Another embodiment of the present invention will now be described with reference to FIG. 7. In this embodiment, a knocking detecting signal delivered from a sensor 1 and passed through a filter circuit 2 is introduced into a microcomputer 6 through an A/D converter 5 and an amplifier 8 which detects increase or decrease down of the signal in excess of a threshold level Th. The detecting signal is introduced into the microcomputer 6 through an interrupting terminal with a synchronism of the interruption maintained between the increase or decrease of the signal. In this embodiment apparatus, since a hardware interruption is utilized instead of the software comparison in the previous embodiment, the response speed of the apparatus is substantially improved. After detection of the synchronism, the microcomputer 6 delivers a start signal for starting operation of the A/D converter 5. More specifically, as shown in FIG. 8, an instant TD0 when the signal decreases from the threshold level Th is detected, and the microcomputer 6 delays the starting instant TZ measured from the instant TD0 of the A/D converter 5 by an amount predicted by the computer 6. In this manner, the starting instant TZ of the A/D converter 5 can be varied depending on the operating speed of the A/D converter and the frequency of the detecting signal for obtaining correct values of the peak point of the knocking detecting signal.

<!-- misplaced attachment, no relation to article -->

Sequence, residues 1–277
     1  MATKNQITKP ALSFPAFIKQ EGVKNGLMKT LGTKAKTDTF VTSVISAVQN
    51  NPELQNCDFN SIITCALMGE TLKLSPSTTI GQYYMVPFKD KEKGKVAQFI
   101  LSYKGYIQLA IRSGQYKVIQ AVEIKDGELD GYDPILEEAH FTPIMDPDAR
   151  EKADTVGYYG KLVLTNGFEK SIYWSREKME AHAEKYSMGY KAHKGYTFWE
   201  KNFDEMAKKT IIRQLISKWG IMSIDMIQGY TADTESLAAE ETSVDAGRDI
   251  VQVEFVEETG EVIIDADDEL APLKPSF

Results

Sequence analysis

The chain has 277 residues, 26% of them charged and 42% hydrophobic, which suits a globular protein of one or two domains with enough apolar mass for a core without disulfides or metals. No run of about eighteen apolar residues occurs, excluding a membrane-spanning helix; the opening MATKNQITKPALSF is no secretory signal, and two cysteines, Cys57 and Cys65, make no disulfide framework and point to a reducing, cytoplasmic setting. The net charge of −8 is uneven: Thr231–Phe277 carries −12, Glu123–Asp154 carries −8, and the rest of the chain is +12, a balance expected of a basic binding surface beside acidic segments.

Although in the above described embodiment, the A/D conversion has been carried out each time when the knocking detecting signal passes through the threshold level Th, it is also possible that the A/D conversion is carried out each time when the knocking detecting aignal passes through the threshold level a predetermined number of times.